Yoani Sanchez: It’s Not Easy Being a Cuban Blogger

Cuban dissident Yoani Sánchez reveals her trick to getting Internet in Havana.

Peter Foley/EPA, via Landov

An anticipatory hush settled over the Columbia auditorium, bulbs flashing and cameras clicking. The blogger had finally arrived.

Stepping foot on U.S. soil for the first time, 37-year-old Cuban dissident Yoani Sánchez was in New York to accept an invitation from the university’s journalism school—four years late, since she’d been repeatedly denied an exit visa by the Cuban government. Finally able to speak to the school’s staff and students face-to-face, Sánchez was ready to dish on life in Cuba, how Americans can help, and how she manages to get her message out under the thumb of an authoritarian regime.

The widespread lack of Internet access in Cuba is still a mystery, Sánchez said in response to one of the first questions. For many years, the government blamed it on the U.S. embargo, but Cubans questioned that “very absurd” justification after the U.S. built a fiber-optic cable to Venezuela in 2011. For the past two years, then, citizens have been demanding, where’s the cable?

But Sánchez has managed to run a blog anyway.

For several years, she said, she has been able to post to her widely read online outpost and to Twitter by pretending to be a German tourist and sneaking into Havana hotels where Cubans are not permitted. There, she uses the Internet connection to download and send out her content to her supporters around the world, who would update the blog, Generación Y, which chronicles the daily realities of life in Cuba. Today Generación Y is translated into over 17 languages, with hundreds of thousands of fans worldwide.

“I consider myself a specialist in getting on the Net while not having access to the Net,” Sánchez boasted, and added that Cubans are well versed in “finding a way when there is no way.”

She held up a red thumb drive. One day there will be a statue in honor of democracy in Cuba, she said, and the statue will be of a memory stick.

This is how it works: whoever gets momentary access to the Internet in Cuba uses the time to download information onto a memory stick and then shares it—“the flu strategy,” Sánchez called it. For the first time technology has been able to crack a hole in the “fierce, monopolistic wall” that the government has exercised over the media in Cuba, she said.

A Columbia student remarked that when she was going to visit her cousins in Cuba, they did not ask for clothes or gifts—they only wanted flash drives, so that they could download Justin Bieber songs and watch Pixar movies. Another student asked which “gigs” are going around Cuba at the moment. Sánchez replied that lately, a documentary about Stalin and a History Channel series about the Cold War have been circulating. Cubans have a “great thirst and curiosity” to learn about countries with similar histories, she said. During the Arab Spring, Cubans watched closely, and the Cuban government issued an immediate lockdown on social media.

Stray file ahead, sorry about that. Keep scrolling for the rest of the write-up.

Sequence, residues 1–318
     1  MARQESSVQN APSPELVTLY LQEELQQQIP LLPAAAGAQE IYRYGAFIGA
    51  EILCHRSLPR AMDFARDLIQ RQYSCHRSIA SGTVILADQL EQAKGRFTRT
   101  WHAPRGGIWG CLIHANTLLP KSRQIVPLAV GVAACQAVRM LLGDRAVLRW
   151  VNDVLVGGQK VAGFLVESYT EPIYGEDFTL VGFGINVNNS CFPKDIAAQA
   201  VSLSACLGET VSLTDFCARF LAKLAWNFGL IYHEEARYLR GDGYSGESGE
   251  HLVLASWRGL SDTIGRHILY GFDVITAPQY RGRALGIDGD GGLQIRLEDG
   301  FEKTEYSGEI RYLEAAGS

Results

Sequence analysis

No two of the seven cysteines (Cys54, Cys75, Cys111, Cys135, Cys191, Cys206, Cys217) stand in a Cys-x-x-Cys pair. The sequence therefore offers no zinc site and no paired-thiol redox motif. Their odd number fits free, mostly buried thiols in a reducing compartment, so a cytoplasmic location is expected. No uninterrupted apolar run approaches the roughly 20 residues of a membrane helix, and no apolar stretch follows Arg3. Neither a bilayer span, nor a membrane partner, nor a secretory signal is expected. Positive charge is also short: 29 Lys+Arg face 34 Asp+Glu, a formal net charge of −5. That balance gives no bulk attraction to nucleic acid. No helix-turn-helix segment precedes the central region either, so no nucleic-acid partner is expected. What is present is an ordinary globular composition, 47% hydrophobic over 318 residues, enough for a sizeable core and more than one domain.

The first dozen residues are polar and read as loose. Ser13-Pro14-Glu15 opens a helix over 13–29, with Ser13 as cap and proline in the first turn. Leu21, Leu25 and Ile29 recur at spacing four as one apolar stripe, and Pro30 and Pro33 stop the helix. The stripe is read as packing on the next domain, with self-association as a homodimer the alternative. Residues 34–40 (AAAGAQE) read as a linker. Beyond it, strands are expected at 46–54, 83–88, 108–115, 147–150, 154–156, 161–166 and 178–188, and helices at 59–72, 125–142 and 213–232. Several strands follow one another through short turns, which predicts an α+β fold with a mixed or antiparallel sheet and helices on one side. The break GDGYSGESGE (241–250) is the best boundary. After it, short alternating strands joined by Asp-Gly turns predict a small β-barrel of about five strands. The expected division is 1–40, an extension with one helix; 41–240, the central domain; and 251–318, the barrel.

One student asked how Cubans living outside of Cuba could help. Sánchez responded that the most important thing for Cubans is access to technology. Simply recharging someone’s cellphone account, for example, makes a difference, because sending an SMS to appear on Twitter costs $1.10, and most Cubans make $20 to $30 in a month. She also recommended that people connect with Cubans who are giving voice to the revolution: follow them on Twitter, retweet their messages, “like” them on Facebook.

But while she appreciates the impact of social media, she hopes to move beyond blogs and 140 characters to build an independent press in Cuba that would start as a digital platform and also be available in print.

She gave several poignant responses. When one student asked if she was afraid people will manipulate her words, she said, “Yes, but I am more afraid that they will manipulate my silence.” When another asked, “Are there things in Cuba that you like?” Sánchez smiled. “Cubans.”

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She is no stranger to generating controversy. Towards end of the event, a middle-aged woman stepped up to the microphone and began berating Sánchez with pointed questions. Despite faculty members’ attempts to silence her, the woman demanded that Sánchez reveal her sources of funding.

A few seconds later, another young woman in the back of the audience stood up and declared, “Fifty-four million dollars from the United States of America.” She held up a large sign that read, “YOU ARE NOT FREE PRESS, YOU ARE JUST CHEAP.”

Sánchez moved past it. “Muchas gracias,” she said to the crowd, waved, and blew a kiss. The audience erupted into scattered bits of standing ovation, applause, and confused whispers. On her way out, Sánchez passed the young woman holding up the sign, who barked at Sánchez, “How’s that CIA money?”

Sánchez did not seem bothered. After all, the women were exercising their freedom of speech, the very principle she fights for.

The buzz of conversations continued for several minutes after Sánchez exited. The young woman with the sign said Sánchez was “a fraud” and “on the side of the imperialists.” She added that the moderator’s request to avoid conversation about relations between the U.S. and Cuba was “ignoring the elephant in the room.”

The older woman, who said she was from “the Women’s Press Collective,” said her facts about U.S. funding came from the National Endowment for Democracy. Neither woman would give her name.

Downstairs in the lobby, the conversations continued. Prof. Mirta Ojito, who had escaped from Cuba herself at 16 on a boat, said that the contention is “typical for Yoani,” but that overall, the talk was “fabulous.”